We are excited to announce that our National Peacemaker Award Honoree for 2020 is Arthur Brooks! Brooks is a New York Times Best Selling Author and served as the President of the American Enterprise Institute for the last decade. His book, "Love Your Enemies," speaks directly to the issues that are at the core of the National Conflict Resolution Center. He believes that America’s “culture of contempt” is warping political discourse and making us miserable. But as Arthur Brooks shows, there is way forward. His book is a guide to building a better country and mending personal relationships—but more than that, it is a roadmap to the happiness that comes when we choose to love one another, despite our differences. Join us in honoring Arthur Brooks at our upcoming Peacemaker Awards dinner on Saturday, April 18th at the San Diego Hilton Bayfront hotel: https://www.ncrconline.com/peacemaker
If we spend all of our time looking at superficial differences, then we miss opportunities to find things that we have in common with people - especially those that we are in conflict with. Ashley Virtue, Dir. of External Relations, shares why it's important to take a little time to try to understand someone that has a different perspective.
"A Path Forward is a dialogue series hosted by the National Conflict Resolution Center to help different communities move forward together and to understand and respect one another." - Imam Taha Hassane In October 2019, our partners at the Islamic Center of San Diego co-hosted A Path Forward to help break down the barriers in different communities. Through the power of conversation and respectful dialogue, we aim to improve the well being of our communities and society overall.
Have you ever come across someone that is always apologizing but never changes his or her behavior? Ashley Virtue shares her tips on how to resolve conflict with someone that habitually says sorry but doesn't learn from his or her mistakes.
There comes a point in a lot of conflicts where we get to a standstill, and we wonder, "How are we going to go forward? Should I give the other person an ultimatum?" Unfortunately, ultimatums can have a negative impact on future relationships. In today's episode of #MindsetMonday, Ashley Virtue shares why resolving conflict outside of court can lead to more positive results.
Do you know the difference between intent and impact? Ashley Virtue, reminds us that even if the intent behind our actions was positive, it's important that we don't negate the impact of conflict on people.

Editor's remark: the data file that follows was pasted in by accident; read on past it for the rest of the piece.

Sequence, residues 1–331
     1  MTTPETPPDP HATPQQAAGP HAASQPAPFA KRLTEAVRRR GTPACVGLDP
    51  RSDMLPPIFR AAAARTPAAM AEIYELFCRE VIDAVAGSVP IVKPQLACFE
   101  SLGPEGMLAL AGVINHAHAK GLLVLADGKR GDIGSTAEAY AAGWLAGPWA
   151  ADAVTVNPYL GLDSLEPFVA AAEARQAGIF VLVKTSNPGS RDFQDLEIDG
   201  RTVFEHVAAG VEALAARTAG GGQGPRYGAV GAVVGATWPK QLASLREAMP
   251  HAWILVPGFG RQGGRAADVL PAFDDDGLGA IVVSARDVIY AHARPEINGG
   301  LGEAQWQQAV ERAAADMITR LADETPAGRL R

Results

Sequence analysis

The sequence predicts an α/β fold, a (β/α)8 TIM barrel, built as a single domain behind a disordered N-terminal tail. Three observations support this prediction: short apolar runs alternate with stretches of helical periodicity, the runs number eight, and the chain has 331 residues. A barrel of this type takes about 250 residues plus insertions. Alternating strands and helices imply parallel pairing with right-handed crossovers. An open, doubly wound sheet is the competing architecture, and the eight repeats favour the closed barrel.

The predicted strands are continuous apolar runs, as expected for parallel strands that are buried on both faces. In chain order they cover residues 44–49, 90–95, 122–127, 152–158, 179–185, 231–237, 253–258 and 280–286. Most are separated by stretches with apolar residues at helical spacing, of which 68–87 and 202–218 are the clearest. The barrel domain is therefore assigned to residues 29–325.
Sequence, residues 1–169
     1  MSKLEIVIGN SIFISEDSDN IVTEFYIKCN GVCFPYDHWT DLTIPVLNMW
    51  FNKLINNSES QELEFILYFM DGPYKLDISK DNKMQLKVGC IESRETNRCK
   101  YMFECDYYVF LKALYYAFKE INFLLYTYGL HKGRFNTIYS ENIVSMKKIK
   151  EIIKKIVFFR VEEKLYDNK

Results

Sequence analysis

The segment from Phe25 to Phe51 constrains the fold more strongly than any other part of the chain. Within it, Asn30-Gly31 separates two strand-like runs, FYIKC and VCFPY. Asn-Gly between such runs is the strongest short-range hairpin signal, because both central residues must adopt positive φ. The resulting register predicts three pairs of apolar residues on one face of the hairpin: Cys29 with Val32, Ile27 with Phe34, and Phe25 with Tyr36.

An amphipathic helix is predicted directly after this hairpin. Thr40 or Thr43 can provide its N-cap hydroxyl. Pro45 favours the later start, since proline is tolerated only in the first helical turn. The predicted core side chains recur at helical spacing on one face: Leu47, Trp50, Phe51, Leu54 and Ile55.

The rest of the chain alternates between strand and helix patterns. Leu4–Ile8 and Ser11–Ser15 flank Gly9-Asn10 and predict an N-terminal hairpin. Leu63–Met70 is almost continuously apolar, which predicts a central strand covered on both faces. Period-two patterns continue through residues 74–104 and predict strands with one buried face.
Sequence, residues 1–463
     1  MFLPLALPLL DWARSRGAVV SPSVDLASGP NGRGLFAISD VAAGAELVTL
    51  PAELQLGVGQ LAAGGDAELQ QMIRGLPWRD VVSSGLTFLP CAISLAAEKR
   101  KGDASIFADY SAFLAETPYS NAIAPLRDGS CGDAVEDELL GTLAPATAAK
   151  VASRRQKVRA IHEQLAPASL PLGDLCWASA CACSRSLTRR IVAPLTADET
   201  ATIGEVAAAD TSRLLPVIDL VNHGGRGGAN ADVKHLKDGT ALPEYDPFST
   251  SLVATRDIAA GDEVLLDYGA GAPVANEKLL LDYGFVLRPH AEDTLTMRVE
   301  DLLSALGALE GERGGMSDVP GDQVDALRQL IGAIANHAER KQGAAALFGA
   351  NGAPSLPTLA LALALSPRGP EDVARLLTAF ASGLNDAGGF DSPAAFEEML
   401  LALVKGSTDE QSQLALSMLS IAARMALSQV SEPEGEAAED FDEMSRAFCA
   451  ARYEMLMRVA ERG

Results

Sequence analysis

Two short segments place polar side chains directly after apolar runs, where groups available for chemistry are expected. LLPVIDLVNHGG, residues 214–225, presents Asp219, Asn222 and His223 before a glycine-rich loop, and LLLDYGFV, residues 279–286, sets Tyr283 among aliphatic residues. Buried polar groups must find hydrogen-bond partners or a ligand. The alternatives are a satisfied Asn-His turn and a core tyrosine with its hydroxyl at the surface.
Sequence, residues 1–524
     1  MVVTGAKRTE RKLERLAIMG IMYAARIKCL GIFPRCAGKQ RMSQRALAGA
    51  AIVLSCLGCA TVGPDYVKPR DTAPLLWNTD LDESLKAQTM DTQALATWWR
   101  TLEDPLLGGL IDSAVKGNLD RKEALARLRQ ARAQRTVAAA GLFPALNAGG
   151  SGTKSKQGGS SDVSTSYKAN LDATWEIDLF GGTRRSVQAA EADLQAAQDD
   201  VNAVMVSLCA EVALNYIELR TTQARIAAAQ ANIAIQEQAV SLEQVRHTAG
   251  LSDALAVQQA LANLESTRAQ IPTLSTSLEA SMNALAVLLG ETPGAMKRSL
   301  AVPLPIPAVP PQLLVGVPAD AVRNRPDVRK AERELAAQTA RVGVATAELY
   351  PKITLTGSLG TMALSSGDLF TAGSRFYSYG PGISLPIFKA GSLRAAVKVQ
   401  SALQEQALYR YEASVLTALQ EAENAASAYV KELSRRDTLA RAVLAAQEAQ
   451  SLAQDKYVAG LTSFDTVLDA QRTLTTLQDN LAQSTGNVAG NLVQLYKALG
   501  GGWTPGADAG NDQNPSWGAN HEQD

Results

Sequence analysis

The conflict management skills that you learn at school or at work are transferrable. The next time you are faced with a conflict with a family member, remember to take a step back and utilize the strategies that you've learned.
One of the hardest things to do when we're in the conflict resolution part of the process is think about making concessions. The idea of compromise has kind of become a dirty word, one that we don't like to use. But if you think about it...being willing to make some concessions when you're in the conflict resolution process is a really important part of being able to move forward.
Leaning in, making eye contact, and nodding along is helpful to show others that you are engaging in active listening. But one thing we have to keep in mind as we work in a more and more diverse workforce, is that sometimes there are cultural norms that change how body language can be accepted or given. In today's Mindset Monday video, Ashley Virtue, highlights cultural differences in body language that all managers should be aware of.
On August 15, California Governor Gavin Newsom signed Senate Bill (SB) 778, which updates the state’s sexual harassment training requirements. This law is an amendment to SB 1343. With this new law, employers with five or more employees are required to provide the following: ▸ A minimum of 2 hours of training and education regarding sexual harassment to all supervisory employees ▸ And at least 1 hour of training and education regarding sexual harassment to all nonsupervisory employees in California within six months of their assumption of a position. SB 778 permits employers who have provided training to an employee in 2019 to offer a “refresher” training to that employee two years thereafter (rather than the January 2021 deadline). This will avoid forcing employers who have already provided compliant training from having to do so twice in a single two-year period.